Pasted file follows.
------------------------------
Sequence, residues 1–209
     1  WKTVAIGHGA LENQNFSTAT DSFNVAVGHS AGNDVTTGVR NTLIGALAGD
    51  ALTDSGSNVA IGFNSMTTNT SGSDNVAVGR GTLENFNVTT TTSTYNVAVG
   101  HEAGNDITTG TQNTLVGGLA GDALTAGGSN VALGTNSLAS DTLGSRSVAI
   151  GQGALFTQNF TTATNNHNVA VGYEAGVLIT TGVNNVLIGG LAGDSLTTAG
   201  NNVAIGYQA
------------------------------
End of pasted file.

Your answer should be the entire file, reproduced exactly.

Sequence, residues 1–209
     1  WKTVAIGHGA LENQNFSTAT DSFNVAVGHS AGNDVTTGVR NTLIGALAGD
    51  ALTDSGSNVA IGFNSMTTNT SGSDNVAVGR GTLENFNVTT TTSTYNVAVG
   101  HEAGNDITTG TQNTLVGGLA GDALTAGGSN VALGTNSLAS DTLGSRSVAI
   151  GQGALFTQNF TTATNNHNVA VGYEAGVLIT TGVNNVLIGG LAGDSLTTAG
   201  NNVAIGYQA